Purpose – The aim of this study is to compare print and e-book use for identical titles in the e-Duke Scholarly Collection (e-DSC) from 2011 to 2013 to determine format preference for a discrete collection of titles in humanities and social sciences. Design/methodology/approach – Use statistics for the e-DSC were downloaded from the e-book platform by title and call number to determine use by title and subject. Circulation statistics were culled from the library’s integrated library system for the same titles to compare e-book use to that of the same print title. Findings – Although e-books had a high number of titles with use as a per cent of the collection, examination of substantive use shows a slight preference for print. While 73 per cent of the e-books garnered enough interest to click on them, only 12 per cent had substantive use. Research limitations/implications – The e-DSC changed platforms in December 2013. The new platform does not require users to create an account to download e-book sections and digital rights management limitations have been removed. The same examination of collection use in 2.5 years on the new platform will provide an interesting comparison on the function of platform on e-book use. Originality/value – The comparison of identical print and e-titles is less studied and includes the examination of “substantive use” in comparing print to e-book use.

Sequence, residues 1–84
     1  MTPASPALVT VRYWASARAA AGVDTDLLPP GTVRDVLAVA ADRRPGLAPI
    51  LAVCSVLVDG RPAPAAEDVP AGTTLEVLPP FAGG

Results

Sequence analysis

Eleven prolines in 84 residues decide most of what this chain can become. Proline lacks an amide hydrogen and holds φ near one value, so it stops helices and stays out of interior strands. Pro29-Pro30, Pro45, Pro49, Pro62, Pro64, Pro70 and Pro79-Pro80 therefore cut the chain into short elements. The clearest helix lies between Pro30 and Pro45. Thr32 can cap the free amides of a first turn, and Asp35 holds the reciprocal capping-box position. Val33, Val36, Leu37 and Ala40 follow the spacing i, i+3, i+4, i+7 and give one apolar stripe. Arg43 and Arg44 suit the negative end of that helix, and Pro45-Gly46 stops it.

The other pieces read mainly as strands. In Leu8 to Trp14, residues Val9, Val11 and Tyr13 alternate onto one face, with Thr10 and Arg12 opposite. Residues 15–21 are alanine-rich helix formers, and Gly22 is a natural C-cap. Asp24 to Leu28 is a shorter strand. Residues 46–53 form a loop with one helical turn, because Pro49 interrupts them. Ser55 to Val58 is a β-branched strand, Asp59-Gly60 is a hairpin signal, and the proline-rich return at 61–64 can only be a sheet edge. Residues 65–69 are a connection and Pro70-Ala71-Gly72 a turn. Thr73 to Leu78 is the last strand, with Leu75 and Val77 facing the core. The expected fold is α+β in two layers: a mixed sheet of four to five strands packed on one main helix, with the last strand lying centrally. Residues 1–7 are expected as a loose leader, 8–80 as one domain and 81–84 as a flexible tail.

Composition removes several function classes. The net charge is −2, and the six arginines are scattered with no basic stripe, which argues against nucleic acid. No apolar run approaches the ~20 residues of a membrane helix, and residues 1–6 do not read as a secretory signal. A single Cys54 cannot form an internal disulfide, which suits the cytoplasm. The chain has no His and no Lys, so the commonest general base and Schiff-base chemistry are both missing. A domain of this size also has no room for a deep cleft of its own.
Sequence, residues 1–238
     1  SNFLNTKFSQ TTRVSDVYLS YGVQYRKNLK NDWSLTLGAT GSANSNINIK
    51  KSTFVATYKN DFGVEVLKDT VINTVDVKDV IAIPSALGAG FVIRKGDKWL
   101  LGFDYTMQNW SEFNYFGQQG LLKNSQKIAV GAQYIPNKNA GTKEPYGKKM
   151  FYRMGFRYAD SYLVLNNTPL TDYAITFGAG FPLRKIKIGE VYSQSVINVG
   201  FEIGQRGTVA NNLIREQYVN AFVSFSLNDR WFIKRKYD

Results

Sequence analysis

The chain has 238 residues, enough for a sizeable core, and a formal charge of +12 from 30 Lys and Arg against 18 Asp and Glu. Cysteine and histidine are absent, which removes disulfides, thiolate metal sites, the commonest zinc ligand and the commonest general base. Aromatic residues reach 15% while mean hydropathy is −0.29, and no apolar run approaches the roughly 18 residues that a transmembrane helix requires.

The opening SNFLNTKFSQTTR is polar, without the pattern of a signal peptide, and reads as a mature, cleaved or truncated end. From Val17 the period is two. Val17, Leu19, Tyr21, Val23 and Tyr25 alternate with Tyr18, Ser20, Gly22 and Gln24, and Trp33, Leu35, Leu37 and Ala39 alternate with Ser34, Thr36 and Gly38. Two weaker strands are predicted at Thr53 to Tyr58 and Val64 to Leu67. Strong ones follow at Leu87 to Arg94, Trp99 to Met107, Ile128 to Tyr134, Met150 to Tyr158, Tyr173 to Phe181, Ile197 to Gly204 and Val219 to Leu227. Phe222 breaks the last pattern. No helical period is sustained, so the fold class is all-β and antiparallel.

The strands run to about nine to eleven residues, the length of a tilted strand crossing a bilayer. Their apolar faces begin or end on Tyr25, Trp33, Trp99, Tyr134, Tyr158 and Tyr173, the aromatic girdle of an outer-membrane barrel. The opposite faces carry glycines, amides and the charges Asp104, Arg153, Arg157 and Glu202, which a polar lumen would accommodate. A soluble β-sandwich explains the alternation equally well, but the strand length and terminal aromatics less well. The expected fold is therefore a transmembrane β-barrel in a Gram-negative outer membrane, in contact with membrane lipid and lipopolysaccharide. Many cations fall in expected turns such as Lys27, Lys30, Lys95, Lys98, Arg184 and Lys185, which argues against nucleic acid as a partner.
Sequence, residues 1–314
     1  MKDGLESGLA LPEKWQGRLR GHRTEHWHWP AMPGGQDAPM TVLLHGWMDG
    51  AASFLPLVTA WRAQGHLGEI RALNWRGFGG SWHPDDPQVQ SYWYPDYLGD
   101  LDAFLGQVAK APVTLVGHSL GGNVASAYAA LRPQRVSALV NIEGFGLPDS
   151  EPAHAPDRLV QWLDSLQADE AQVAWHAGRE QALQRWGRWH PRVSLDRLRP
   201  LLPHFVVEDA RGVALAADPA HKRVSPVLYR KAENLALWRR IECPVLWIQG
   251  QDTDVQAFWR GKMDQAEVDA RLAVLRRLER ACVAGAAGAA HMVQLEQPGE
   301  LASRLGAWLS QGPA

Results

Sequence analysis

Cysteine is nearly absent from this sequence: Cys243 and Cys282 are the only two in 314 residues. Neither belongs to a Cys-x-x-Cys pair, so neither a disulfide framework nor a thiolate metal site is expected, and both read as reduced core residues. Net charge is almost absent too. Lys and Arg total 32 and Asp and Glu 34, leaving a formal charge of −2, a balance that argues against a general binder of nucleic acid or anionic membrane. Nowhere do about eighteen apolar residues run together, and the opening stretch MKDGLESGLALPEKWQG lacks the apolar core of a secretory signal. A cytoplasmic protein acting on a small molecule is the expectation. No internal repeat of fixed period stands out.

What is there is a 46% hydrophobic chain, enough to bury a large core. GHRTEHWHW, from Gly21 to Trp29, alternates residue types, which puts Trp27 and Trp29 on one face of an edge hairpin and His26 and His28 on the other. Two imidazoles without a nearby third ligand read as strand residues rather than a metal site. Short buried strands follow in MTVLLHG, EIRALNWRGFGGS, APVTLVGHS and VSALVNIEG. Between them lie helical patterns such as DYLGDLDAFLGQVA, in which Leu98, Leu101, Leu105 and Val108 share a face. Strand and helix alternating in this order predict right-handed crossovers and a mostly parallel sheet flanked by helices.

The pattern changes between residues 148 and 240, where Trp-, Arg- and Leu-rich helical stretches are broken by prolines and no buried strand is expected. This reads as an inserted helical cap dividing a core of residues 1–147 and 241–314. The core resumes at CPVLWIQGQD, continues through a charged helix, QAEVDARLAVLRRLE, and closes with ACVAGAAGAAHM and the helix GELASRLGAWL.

Collection Building – Emerald Publishing
Published: Sep 30, 2014
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